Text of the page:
The progression of NMIBC is strongly associated with worse survival outcomes; however, the molecular mechanisms underlying its progression remain unclear. ITH has been frequently detected in various cancer types and has been reported to influence pathways of cancer progression [68]. However, it was not until very recently that a small number of groups elucidated the intratumoral genetic heterogeneity of several cancer types using NGS approaches with DNA extracted from primary tumors [9, 10]. Genomic variation can be identified and cancer progression pathways can be inferred by comparing multiple tumors from different anatomic locations [5, 11]. A recent study has described intratumoral spatial heterogeneity in a single patient that may be reflective of cancer evolutionary dynamics [12]. BCa tumors are highly heterogeneous; however, intratumoral spatial heterogeneity has rarely been reported in MIBC. We postulate that basal tumors rooted in the muscular layer have more aggressive molecular phenotypes than the corresponding superficial tumors growing into the bladder lumen. The genomic differences detected between basal and superficial tumors likely reflect the early hallmarks of BCa progression. Our WES results demonstrated distinct differences between the basal and superficial tumors, either in terms of single-nucleotide variations (SNVs) or structural variations, reflecting the characteristic features of ITH in MIBC. ITH arises in different ways; it may occur at the beginning of the carcinogenesis process, or it may result from development of a different phenotype halfway through this process [5]. Hence, the genomic alterations present in basal tumors could promote cancer invasion and shed light on the molecular mechanisms of tumor progression.

In our exome sequencing analysis, we detected considerable genomic differences among the MIBC tissues from different tumor locations. For example, we identified four genes (MLL2, SUGP2, TP53 and TTN) with recurrent functional mutations in the comparison of superficial tumor tissues with normal tissues. MLL2 is a histone methyltransferase that is part of a large protein complex, ASCOM, that regulates transcription of the β-globin and estrogen receptor genes [13], and recent evidence indicates that MLL2 mutations result in genomic instability, which is a strong driver of tumorigenesis [14]. In our study, we found that 2/3 subjects harbored a frameshift deletion in MLL2, indicating that MLL2 probably also plays a role in tumorigenesis in BCa. SUGP2 is a member of the arginine/serine-rich family of splicing factors and functions in mRNA processing [15]. It has been shown to bind to the intronic region of the iron-sulfur cluster assembly gene (ISCU), which is affected by the hereditary myopathy with lactic acidosis (HML) mutation [16]; however, no previous report has described involvement of SUGP2 in tumorigenesis. In this study, we found two missense mutations in SUGP2 in two subjects, and they were predicted to be damaging by SIFT software. These results indicate that abnormal mRNA processing may contribute to carcinogenesis in BCa. TP53 is a well-known tumor suppressor gene that induces growth arrest or apoptosis, depending on the cell type and physiological conditions. Mutations in this gene play a key role in BCa progression and are also associated with an increased cancer risk [17]. We detected two TP53 missense mutations in two different subjects that were predicted to be deleterious by SIFT software. TP53 likely functions abnormally in BCa tumorigenesis. TTN is one of the longest genes examined in this study; thus, the two mutations detected in this gene probably occurred randomly. On the other hand, no recurrent mutations were identified in the comparison of basal tumor tissues with superficial tumor tissues.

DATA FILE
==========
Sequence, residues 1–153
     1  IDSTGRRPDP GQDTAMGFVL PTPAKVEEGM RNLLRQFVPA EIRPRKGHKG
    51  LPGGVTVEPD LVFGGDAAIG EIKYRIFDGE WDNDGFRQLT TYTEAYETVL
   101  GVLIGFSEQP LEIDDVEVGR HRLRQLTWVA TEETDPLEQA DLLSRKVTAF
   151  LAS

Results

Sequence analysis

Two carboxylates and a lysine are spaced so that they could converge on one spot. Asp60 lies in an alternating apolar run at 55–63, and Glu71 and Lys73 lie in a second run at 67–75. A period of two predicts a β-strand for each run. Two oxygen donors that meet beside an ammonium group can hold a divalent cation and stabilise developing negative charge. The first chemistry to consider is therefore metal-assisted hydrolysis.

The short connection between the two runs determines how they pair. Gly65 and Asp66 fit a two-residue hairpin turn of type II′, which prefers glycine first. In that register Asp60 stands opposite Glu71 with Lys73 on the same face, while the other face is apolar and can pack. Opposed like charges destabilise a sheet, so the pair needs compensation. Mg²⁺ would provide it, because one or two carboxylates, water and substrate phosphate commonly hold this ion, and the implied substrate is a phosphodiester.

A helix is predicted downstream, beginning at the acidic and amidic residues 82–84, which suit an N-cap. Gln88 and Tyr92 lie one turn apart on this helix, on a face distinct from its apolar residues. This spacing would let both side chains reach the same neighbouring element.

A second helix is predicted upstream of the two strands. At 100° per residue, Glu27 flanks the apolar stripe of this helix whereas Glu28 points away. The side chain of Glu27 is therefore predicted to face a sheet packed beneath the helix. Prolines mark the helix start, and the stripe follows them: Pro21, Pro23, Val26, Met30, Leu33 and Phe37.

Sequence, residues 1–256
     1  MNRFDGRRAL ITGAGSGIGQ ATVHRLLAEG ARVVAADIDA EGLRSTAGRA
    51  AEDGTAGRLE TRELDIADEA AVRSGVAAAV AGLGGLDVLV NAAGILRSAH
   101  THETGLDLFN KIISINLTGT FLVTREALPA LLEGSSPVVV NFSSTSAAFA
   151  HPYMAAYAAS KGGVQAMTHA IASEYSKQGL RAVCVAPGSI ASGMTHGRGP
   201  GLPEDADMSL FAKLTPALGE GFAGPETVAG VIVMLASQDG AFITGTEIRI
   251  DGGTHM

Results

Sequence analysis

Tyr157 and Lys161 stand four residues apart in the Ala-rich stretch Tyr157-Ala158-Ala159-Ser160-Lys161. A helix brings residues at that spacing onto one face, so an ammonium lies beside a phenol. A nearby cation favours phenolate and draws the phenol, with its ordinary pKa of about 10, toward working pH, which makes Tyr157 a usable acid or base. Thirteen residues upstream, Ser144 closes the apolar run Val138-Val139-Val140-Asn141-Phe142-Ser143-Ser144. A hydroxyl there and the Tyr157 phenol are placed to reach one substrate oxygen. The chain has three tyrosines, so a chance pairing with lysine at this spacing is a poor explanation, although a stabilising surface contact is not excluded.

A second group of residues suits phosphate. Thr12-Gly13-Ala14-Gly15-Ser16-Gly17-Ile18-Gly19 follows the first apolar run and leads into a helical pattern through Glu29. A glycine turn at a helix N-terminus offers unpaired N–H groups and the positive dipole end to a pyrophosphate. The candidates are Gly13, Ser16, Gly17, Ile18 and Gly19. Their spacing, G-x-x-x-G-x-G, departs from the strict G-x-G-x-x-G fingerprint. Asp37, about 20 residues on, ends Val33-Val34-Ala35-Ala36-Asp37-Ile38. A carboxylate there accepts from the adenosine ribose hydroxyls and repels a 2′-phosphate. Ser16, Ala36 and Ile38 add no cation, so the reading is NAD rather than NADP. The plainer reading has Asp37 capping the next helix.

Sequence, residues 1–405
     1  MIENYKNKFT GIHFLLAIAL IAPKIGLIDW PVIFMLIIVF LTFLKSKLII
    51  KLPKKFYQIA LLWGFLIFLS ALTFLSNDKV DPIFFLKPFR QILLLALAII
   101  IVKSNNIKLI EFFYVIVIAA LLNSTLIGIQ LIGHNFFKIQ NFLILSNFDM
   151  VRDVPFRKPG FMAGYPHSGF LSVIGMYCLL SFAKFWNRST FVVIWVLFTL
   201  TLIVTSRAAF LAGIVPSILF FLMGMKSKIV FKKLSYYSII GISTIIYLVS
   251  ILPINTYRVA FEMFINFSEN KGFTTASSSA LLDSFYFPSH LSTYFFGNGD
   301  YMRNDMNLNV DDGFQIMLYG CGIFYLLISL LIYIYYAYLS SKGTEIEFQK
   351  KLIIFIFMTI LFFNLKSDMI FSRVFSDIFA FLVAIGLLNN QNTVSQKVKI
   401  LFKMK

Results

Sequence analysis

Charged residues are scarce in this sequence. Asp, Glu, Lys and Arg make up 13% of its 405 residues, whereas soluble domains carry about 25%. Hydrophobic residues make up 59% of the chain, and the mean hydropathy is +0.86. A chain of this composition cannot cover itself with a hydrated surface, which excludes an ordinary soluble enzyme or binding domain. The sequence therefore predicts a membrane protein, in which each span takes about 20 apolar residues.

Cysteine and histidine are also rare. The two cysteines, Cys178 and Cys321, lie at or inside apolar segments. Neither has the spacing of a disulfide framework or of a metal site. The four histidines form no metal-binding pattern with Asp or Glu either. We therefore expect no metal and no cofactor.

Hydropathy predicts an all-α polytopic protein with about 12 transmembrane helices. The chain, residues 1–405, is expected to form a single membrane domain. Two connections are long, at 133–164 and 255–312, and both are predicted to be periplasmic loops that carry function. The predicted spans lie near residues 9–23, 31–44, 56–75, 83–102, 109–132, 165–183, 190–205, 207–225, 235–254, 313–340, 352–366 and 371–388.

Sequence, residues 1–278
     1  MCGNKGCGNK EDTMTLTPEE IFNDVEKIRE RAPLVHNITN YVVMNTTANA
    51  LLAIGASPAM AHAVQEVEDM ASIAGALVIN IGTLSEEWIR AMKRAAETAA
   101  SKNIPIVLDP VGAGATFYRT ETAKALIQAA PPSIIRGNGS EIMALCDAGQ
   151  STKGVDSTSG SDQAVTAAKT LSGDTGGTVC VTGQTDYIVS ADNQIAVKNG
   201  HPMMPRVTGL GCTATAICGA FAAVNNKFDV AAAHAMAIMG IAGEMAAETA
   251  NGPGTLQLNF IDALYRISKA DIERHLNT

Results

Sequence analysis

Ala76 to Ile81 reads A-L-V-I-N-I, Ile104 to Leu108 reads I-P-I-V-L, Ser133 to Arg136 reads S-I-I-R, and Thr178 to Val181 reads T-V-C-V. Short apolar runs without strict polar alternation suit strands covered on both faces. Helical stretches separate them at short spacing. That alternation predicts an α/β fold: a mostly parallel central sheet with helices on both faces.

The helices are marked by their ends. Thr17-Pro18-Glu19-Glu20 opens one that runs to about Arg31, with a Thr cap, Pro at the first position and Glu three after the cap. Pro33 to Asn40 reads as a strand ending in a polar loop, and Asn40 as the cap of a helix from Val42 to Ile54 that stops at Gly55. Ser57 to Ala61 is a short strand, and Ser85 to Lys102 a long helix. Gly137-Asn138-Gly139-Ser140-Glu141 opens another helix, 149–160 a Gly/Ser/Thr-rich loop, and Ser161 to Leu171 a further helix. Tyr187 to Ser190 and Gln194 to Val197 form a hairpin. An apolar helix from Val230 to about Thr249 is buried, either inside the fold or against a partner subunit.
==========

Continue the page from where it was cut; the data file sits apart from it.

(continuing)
KEGG pathway analysis of the functional mutations revealed the different signaling pathways affected in the different comparisons. The Notch signaling pathway was the most significantly enriched pathway in the comparison of superficial tumor tissues with normal tissues. These results are in agreement with those of Rampias’ study [18]. In addition, the adherens junction pathway was significantly enriched in the comparison of basal and superficial tumor tissues, reflecting differences in the molecular mechanisms involved in the development versus progression of BCa; thus, mutations of genes in adherens junction pathway may play important roles in tumor progression.

In addition to functional mutations, CNVs also affect gene functions. In our study, the incidence of CNVs was significantly higher than that of mutations in the comparisons between the different tumor sites; however, the functional roles of the CNVs were unclear. Our analysis focused on CNVs in IPO11, due to not only the high frequency but also the potential associations with tumorigenesis and progression.